By Louis Avallone
Do you remember the game Space Invaders? Released in 1978, it revolutionized video games by allowing the players to “stay alive”, or to play the game longer on a single quarter or token – just as long as their high scores kept rising. In other words, the better you played the game, the more “bonus” time you were rewarded and you could continue playing the game, all on the same quarter.
Most modern arcade games, however, no longer even keep track of the scores. There’s often not even an option to save the high score by entering your initials, and thus not much incentive to earn “bonus” time by playing the game exceptionally well.
Unfortunately, and in this important election year, the same can be said for our modern day elected officials – there seems to be no incentive for them to perform exceptionally well to earn re-election. One reason may be that voters already, and overwhelmingly, re-elect incumbents, regardless of their “high scores”, or lack thereof.
That’s a pattern, all the way from the White House to Congress and to any mayor’s office, in any town, and everywhere in between. You see, we continue re-electing folks, or rewarding them with “bonus” time, even when their “high scores” simply are not rising.
And whether it was the criminal malfeasance of former Mayor Ray Nagin in New Orleans (who was re-elected to a second term), or the low public approval scores for the U.S. Congress (which are at historically low levels), we can’t help ourselves when it comes to incumbents, it seems.
Incumbent candidates, seeking re-election to the U.S. House of Representatives, have won 80% of the time, over the past 40 years.
This means that an incumbent candidate is almost guaranteed re-election, even while the public approval rating of Congress is in the basement at 15%.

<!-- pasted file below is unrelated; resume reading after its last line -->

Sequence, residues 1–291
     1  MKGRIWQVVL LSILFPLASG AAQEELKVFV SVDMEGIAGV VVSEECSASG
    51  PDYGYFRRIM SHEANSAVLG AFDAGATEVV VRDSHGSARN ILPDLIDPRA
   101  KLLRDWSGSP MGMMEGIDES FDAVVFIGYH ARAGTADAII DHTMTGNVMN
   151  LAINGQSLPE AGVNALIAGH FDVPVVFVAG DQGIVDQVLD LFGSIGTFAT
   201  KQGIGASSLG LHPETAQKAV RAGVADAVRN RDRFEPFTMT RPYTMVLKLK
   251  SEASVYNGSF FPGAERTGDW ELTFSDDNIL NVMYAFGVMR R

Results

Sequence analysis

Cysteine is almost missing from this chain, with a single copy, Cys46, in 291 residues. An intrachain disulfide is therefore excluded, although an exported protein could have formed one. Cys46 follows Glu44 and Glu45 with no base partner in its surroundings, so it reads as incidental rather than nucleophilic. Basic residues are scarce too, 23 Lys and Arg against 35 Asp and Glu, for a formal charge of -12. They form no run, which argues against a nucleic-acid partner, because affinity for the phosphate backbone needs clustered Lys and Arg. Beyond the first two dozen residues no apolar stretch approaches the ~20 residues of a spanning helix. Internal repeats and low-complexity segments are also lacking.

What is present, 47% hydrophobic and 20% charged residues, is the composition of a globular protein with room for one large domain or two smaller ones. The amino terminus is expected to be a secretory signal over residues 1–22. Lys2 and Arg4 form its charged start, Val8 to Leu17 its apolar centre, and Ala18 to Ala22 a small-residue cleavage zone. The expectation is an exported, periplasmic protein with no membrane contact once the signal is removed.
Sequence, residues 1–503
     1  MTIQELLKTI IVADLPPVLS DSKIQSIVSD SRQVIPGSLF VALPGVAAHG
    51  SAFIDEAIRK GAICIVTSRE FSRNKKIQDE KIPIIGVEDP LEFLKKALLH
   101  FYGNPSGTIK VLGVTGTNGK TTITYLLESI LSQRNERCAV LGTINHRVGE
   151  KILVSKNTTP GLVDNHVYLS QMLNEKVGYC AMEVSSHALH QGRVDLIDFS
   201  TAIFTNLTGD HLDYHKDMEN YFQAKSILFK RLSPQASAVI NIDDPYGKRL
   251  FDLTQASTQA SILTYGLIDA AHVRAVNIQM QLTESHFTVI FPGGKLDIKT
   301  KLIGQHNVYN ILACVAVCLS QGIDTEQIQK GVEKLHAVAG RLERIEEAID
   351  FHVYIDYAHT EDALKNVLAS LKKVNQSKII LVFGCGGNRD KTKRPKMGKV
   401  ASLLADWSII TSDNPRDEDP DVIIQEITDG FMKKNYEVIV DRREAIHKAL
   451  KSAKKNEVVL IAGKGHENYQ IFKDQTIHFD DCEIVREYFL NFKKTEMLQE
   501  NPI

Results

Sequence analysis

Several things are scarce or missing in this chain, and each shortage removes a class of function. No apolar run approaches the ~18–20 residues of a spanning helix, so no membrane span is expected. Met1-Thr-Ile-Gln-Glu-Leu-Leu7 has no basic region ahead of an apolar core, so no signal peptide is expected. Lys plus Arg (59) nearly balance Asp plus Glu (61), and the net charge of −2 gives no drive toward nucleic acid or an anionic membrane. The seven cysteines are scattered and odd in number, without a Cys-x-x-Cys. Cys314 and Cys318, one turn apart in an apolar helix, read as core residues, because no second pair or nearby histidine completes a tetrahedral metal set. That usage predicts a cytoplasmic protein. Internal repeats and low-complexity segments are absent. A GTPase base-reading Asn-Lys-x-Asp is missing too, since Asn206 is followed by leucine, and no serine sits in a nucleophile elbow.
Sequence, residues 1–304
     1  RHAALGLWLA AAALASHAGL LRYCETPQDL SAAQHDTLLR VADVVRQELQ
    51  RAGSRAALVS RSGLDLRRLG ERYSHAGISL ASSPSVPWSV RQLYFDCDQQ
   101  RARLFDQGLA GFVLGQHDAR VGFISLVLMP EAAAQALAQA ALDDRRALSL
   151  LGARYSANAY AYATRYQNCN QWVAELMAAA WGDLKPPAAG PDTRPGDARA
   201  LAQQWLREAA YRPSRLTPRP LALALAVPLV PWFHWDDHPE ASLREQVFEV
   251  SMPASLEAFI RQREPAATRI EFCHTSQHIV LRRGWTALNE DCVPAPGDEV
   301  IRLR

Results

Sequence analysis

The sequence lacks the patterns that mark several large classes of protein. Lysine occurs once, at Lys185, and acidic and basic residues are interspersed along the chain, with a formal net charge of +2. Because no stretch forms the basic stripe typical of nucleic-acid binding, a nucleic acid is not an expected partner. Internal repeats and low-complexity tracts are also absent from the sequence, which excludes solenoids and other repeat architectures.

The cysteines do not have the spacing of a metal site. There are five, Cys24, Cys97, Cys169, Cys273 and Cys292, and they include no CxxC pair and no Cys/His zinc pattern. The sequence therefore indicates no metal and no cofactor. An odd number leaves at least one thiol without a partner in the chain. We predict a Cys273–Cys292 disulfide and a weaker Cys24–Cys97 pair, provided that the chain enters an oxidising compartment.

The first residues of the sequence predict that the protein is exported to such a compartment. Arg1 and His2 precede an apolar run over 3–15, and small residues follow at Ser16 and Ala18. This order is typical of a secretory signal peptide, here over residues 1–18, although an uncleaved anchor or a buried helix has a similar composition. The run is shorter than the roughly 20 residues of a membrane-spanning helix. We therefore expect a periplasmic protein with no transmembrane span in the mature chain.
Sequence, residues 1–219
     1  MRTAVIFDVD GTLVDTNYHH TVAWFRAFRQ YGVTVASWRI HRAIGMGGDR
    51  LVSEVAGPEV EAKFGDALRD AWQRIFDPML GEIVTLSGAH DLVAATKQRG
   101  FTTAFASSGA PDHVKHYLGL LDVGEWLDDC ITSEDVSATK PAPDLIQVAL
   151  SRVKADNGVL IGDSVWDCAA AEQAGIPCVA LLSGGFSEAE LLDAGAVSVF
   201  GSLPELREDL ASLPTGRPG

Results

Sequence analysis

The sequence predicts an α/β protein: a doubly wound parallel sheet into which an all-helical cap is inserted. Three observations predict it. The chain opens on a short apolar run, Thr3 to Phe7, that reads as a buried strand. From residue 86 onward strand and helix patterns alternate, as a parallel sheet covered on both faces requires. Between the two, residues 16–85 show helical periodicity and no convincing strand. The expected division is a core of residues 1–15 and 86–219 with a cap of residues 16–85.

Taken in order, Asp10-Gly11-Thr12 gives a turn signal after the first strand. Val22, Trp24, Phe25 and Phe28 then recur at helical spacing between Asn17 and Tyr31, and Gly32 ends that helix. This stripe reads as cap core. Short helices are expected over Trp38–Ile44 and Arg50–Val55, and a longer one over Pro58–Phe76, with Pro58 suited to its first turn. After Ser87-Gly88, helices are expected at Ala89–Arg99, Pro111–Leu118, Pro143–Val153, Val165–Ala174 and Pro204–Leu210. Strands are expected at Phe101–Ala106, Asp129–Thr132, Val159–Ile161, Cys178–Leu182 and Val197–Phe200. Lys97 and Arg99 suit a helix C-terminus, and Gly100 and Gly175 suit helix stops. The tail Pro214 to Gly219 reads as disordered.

Consider also that three out of the last five mayors of Shreveport were re-elected to a second term in office, even while our population growth remained stagnant, our property taxes remained the highest in the state, our city’s public works infrastructure was crumbling, and now, just last week, we learned that the City of Shreveport’s Pension Plan Fund is $120 million short from being able to meet all of its obligations to city workers. Goodness. Gracious.
Now consider also incumbent Mary Landrieu, who is seeking her third term in the U.S. Senate this year. She votes 97% of the time with President Obama, even though Obama lost Louisiana in the 2012 election. She told Louisianans in 2009 that if they liked their health insurance plan they could keep their plan, and of course, that turned out to be untrue (92,739 Louisianans actually received health insurance cancellation notices).
And even still, with all of that dirty laundry, election polling indicates she, as the incumbent, is in a statistical dead heat with her leading challenger, Bill Cassidy.
So what gives? Why do we keep re-electing incumbents, if their results are so poor and our approval of the job they are doing is so low? Maybe it’s because it’s easier for us to heap anger and disappointment upon an institution, such as Congress, rather than the guy or gal running for re-election who is also a member of your church and whom you see at the grocery store or at Little League. Maybe it’s also because the incumbent has more name recognition, or has easier access to campaign finances, or government resources.
Whatever the reasons, we are electing more and more incumbents every year, and largely without justification. Since 1972, incumbents have enjoyed a 3-2 advantage over their opponents. Today, it’s grown to a 4-1 advantage.
It’s time to keep score. And during this important election year, we would all be wise to only elect incumbents, or award those candidates “bonus time” only so long as their results, or their high score, is rising.
And for most voters, that means re-electing candidates that are good listeners, intelligent, approachable, and are willing to work hard – candidates who are more interested in doing what’s best for their constituents, rather than in how they will get re-elected again.
To elect any other candidate this election year calls to mind the old adage, “If you keep doing what you’re doing, you’ll keep getting what you’re getting.” In some instances, it may be time for another candidate to take a turn at “play”. And for those other candidates, it should just be “game over”.